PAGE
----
• For "simplicity's sake," discounting the number of copies sold by the proportion it gives up in bankruptcy; that is, treating (hypothetically) 4,000 sales as 3,000 sales because it only got 75% of its invoiced receivables paid. This will not only take you farther away from any royalty-rate escalator, but will be used against you in the next contract negotiation to demonstrate that you had "lower" sales.
  • Claiming that the combination of the ordinary trade long discount plus allowing for the virtual "discount" imposed by not having its invoices paid in full means that all sales for the period to/through Borders were "deep discount" sales, and therefore due only the lower rate for "deep discount" sales (usually half, or less, of the regular royalty rate). At present, given typical terms, that means that if rumors start floating that Borders will be paying publishers anything less than about 88% on their outstanding invoices, you should watch for these shenanigans. I consider it extraordinarily unlikely that publishers will get more than 75% on their outstanding invoices; much more than that would not leave Borders with adequate capitalization to continue as a going concern, the goal of chapter 11, and that only if most other classes of creditors agreed to take substantially less than that (and they won't).

    As I read typical trade-book contract terms (I just went through and reviewed a couple dozen different publishers' contracts), this kind of double-application-of-discounts would be inconsistent with and a breach of the contracts. What matters is not the publisher's receipts from sales (except, of course, for net-receipts contracts), but the terms of sale to the end-user — that is, the payor, in this case Borders. Paying less than what is on the invoice is not an alteration of the terms of sale, and therefore it is inappropriate for publishers to treat what they've given up due to the bankruptcy proceedings as a part of the "discount" for this purpose. That's not going to stop them from trying, though; that's precisely what [names deleted to protect the guilty, since there are new CFOs in place since] did when Crown went under.

The third thing that you're going to see happen is some additional pressure on and during negotiations over new contracts, and delays in consideration for books that are "marginal" (for somebody's definition that you'll never see justified). The misbehavior of [publisher's name deleted due to confidentiality requirements] during and shortly after the Crown bankruptcy along these lines is nearly legendary... and noneditorial management at that conglomerate is largely the same now as it was then, so one should expect the same sorts of misbehavior.

In short, this is bad news for everyone who cares about, or earns money from, trade publishing. Ultimately, it's a result of failure to account for the First Amendment rent. Back when Kmart acquired Borders, in the 1990s, Kmart imposed a nearly broken model on Borders (as reflected in Kmart's own bankruptcy a few years later, after it spun off Borders Group but imposed its own managerial personnel and structure on the new entity). The more-subtle effect, though, was that profit, productivity, and performance expectations for the First Amendment activities at Borders were the same as those for all other divisions of Kmart. Nobody really knows how much that "rent" is, or should be... but anyone who pays attention at all (not very many of us) knows that it's a number greater than zero, due to the hidden externality of First Amendment protection for those activities. Another way to look at it is that there is a nonzero cost (a "rent") for the First Amendment's encouragement of a broad range of activities, but nobody at Kmart (or, for that matter, nobody who does financial analysis of publishing and/or the entire entertainment industry) accounts for that cost in comparing the apples of commodity-based business like consumer nondurables (toilet paper, towels, etc.) to the kumquats of the First Amendment (books, magazines, CDs, videotapes, etc.). That failure, in turn, leads to unrealistic expectations and stupid management decisions in an attempt to "catch up" to other business lines.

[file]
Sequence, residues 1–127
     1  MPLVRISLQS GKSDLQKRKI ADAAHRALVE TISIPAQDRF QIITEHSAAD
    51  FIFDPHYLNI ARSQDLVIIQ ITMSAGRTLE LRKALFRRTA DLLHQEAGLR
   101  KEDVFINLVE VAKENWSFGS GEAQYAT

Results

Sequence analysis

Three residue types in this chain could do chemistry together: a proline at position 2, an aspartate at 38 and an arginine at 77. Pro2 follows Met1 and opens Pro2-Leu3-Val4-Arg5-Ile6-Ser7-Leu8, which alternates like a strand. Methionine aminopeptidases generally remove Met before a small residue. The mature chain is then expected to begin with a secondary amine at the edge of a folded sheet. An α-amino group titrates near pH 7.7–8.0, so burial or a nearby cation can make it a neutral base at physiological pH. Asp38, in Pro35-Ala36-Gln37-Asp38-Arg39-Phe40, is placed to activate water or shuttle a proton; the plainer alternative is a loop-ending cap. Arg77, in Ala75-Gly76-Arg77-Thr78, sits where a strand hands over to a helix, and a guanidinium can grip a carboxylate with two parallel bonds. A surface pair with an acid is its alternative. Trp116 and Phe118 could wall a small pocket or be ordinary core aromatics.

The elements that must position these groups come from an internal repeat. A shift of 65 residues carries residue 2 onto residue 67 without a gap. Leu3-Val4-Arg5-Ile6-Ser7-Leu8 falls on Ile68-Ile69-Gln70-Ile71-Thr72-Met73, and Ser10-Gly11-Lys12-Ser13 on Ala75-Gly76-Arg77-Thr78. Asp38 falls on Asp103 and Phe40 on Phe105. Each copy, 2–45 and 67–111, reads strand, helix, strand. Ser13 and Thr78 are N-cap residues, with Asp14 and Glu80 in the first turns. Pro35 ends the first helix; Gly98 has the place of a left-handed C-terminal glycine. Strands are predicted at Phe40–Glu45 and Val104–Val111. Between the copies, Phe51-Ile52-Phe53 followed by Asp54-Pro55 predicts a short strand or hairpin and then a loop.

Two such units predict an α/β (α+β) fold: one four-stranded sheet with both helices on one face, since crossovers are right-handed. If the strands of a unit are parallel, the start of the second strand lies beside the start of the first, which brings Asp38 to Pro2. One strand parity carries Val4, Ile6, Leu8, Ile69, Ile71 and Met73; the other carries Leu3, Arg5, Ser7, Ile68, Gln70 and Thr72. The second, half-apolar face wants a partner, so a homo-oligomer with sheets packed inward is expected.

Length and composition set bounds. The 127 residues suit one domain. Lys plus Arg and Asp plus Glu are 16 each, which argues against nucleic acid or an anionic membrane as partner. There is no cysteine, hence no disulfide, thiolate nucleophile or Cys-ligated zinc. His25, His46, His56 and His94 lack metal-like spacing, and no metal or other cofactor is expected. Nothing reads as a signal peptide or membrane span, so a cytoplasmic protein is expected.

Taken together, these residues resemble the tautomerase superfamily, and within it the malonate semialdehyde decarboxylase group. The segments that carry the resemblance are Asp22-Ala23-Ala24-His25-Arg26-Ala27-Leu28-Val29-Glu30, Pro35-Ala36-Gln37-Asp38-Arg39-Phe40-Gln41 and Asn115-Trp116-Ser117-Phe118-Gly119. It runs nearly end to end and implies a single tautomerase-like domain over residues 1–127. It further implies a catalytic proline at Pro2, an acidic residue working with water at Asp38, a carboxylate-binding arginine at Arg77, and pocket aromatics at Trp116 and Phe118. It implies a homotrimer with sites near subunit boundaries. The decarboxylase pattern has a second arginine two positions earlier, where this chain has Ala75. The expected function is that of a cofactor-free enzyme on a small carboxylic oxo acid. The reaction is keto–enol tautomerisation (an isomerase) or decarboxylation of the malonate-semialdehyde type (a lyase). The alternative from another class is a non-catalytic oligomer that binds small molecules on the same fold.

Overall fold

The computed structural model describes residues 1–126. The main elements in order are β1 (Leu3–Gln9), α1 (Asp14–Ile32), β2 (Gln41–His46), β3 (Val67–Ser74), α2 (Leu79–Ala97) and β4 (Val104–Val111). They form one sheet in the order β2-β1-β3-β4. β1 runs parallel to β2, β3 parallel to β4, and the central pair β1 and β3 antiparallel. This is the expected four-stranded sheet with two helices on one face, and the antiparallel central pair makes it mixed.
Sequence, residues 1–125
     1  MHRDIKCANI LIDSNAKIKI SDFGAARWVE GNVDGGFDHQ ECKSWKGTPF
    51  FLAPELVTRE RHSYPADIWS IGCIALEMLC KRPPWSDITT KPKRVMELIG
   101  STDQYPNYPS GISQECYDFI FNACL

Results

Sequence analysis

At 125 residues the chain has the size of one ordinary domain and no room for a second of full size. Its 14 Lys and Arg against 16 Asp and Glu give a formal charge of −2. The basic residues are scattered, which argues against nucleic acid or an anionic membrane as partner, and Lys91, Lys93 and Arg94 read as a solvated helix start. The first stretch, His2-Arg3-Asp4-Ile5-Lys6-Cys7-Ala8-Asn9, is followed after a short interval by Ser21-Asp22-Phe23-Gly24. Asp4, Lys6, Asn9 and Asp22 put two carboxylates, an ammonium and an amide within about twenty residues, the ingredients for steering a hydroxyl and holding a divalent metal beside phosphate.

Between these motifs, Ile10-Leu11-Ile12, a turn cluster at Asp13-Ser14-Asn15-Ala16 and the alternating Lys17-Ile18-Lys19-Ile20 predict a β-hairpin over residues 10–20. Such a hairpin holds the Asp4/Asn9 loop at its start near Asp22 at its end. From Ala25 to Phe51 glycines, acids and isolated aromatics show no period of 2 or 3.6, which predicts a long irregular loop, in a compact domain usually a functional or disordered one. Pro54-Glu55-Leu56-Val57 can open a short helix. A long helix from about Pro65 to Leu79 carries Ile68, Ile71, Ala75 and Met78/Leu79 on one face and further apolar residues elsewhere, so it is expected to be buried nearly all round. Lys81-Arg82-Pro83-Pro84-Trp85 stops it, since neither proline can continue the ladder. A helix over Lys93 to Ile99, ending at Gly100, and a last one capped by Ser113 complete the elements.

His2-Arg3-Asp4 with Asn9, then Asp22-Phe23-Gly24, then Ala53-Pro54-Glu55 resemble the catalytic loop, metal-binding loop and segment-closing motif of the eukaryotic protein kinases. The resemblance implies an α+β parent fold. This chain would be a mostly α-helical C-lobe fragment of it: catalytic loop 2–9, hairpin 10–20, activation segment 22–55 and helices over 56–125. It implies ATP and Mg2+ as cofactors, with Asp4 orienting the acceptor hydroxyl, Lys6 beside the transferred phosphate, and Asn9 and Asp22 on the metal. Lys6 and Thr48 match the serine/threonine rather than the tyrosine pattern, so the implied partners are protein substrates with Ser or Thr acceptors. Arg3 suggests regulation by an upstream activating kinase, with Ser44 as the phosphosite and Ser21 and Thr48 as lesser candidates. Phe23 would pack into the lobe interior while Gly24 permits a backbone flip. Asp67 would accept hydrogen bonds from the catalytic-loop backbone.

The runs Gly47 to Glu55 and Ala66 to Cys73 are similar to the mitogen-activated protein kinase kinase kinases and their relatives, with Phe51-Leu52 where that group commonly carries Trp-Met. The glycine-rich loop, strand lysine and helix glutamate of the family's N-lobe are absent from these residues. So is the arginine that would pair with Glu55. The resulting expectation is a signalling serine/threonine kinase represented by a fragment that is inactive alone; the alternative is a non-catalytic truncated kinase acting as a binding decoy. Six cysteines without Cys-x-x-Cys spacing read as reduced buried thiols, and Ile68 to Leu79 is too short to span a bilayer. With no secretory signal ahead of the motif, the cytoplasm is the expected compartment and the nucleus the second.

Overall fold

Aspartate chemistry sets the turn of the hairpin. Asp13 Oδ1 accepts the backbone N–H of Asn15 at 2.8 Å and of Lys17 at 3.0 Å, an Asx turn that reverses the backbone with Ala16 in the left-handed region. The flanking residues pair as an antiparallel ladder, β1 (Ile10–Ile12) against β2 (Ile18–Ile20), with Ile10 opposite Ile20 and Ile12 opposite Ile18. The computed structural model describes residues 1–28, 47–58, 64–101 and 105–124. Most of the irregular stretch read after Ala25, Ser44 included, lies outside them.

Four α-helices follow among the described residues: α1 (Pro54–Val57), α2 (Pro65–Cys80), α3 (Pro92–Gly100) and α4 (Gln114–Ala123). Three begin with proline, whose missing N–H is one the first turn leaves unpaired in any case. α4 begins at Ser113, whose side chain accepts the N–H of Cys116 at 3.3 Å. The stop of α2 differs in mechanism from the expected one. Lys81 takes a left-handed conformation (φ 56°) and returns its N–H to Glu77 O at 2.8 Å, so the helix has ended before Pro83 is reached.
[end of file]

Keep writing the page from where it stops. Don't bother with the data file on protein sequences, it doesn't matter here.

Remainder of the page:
And thus, we're back to one of the other problems with Borders' management over the years: Ownership/leasing of the stores and the land they sit on. But that's for another time; suffice it to say that outside of New York/Boston/LA/Chicago, the default Borders method is substantially different from the default method of its competitors, both chain and otherwise... and has come around to bite Borders Group in a very delicate portion of its anatomy. Assuming that it has that portion left after having been owned by Kmart, that is. This is the real elephant in the room, and is driving a great deal of the priorities struggle beloved by bankruptcy practitioners... and is well beyond my capability to begin to explain in a blawg entry. Suffice it to say that the people who are ultimately screwing authors the most in this situation are local tax authorities and real-estate speculators, who themselves are under unusually high pressure thanks to the partial bubble deflation in 2007–08.